Edgren counselor works to keep kids free of addictions
January 17, 2006
MISAWA AIR BASE, Japan — Greeting a seventh-grader in the hallway who complains about being tired, Alicia Witherspoon inquires how late he stayed up the night before. Till midnight talking with his brother, he says, lingering for a moment outside his next class at Edgren High School.
“Was it worth it?” Witherspoon said. “Nope” is the answer. “Get some sleep,” she replies, kindly reminding him that all choices bear consequences.
Witherspoon isn’t the school’s resident sleep expert. But as a social worker certified as an addictions specialist, she strives to help students make healthy life decisions, from getting enough sleep to fending off peer pressure to smoke or drink.
As the Adolescent Substance Abuse Counseling Services (ASACS) counselor at Edgren, Witherspoon focuses on alcohol- and substance-abuse education, treatment and prevention. Most major U.S. military bases in the Pacific have an ASACS program. Since the Army began it about 13 years ago, it’s spread to the other services at overseas locations, where resources are limited for adolescent substance-abuse intervention, Witherspoon said.
“ASACS uses a three-pronged approach,” she said: “Identification and referral, assessment and treatment, and prevention.”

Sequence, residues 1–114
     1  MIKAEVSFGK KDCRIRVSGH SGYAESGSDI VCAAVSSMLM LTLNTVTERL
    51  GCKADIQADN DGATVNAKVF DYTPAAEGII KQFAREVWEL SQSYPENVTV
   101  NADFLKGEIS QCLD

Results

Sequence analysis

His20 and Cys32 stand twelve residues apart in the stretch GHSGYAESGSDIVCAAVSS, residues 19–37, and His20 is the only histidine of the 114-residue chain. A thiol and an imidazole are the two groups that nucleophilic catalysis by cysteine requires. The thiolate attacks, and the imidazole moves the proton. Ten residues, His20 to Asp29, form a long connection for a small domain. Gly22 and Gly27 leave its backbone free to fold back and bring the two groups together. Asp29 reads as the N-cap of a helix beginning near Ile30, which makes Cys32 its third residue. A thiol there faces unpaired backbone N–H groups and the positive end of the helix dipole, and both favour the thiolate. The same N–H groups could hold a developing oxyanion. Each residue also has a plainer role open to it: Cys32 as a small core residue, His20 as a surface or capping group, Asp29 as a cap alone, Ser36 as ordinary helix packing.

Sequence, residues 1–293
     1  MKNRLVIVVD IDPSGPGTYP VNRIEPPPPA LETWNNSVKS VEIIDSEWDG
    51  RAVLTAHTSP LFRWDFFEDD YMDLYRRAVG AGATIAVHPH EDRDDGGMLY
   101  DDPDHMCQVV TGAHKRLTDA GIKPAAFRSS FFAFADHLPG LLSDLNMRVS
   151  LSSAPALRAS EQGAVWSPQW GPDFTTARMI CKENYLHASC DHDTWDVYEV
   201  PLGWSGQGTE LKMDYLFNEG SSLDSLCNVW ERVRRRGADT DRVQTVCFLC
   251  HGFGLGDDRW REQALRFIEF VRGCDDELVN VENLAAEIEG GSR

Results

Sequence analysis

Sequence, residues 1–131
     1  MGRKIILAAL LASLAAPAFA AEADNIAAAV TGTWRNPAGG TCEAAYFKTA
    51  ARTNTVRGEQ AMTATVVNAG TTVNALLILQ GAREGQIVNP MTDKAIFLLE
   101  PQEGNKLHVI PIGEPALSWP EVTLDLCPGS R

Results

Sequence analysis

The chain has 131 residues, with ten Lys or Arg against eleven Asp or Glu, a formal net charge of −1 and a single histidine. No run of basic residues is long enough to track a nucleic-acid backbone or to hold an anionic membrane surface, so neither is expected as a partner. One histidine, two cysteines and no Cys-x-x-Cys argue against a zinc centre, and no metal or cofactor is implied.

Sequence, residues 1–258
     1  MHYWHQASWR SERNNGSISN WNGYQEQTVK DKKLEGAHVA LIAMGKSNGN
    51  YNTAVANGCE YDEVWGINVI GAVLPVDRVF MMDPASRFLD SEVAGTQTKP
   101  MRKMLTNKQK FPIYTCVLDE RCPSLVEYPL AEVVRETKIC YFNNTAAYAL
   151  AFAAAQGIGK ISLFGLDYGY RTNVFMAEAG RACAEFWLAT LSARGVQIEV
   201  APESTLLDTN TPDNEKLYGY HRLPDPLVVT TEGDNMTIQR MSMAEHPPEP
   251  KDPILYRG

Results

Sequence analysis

Though Witherspoon keeps an office at Edgren, she is available to help any 12- to 18-year-old on base with alcohol or substance abuse issues. She also works with parents of teenagers and is holding a two-part class just for them in January.
The second half of “Parenting Teens for Success” will be held from 5:30 p.m. to 7 p.m. Jan. 25 at the high school. Five parents attended the first class last week, during which Witherspoon discussed the ASACS program, the effect of drugs and alcohol on an adolescent’s developing brain and substances that are available at Misawa. Class surveys indicate students most commonly use alcohol, nicotine and inhalants, Witherspoon said. She’ll review those topics for parents who missed the first class, if they wish.
One focus of the second class will be communication skills — “giving parents strategies to bridge that gap from childhood to adolescence,” Witherspoon said. It’s normal for parents to have trouble communicating with their teenage sons or daughters, who typically are trying to assert independence. But the stress of military life can compound the problem.
“They’re dealing with issues of deployment. Their actions directly reflect on their parents who are active-duty members,” she said. “They’re dealing with a lot of other real-life situations that don’t affect adolescents stateside.”
Parents may have to re-examine their parenting style to allow their child some independence while also delivering effective discipline, Witherspoon said. If their teenager isn’t comfortable confiding in them, it’s important that they have someone to talk to who is trusted by both child and parent, she added, whether it’s a family friend or a relative in the States.
Witherspoon also will ask parents to fill out a needs assessment about programs or workshops they’d like to see taught at Misawa.
For more information about ASACS or to sign up for the parenting class, call Witherspoon at DSN 226-4250.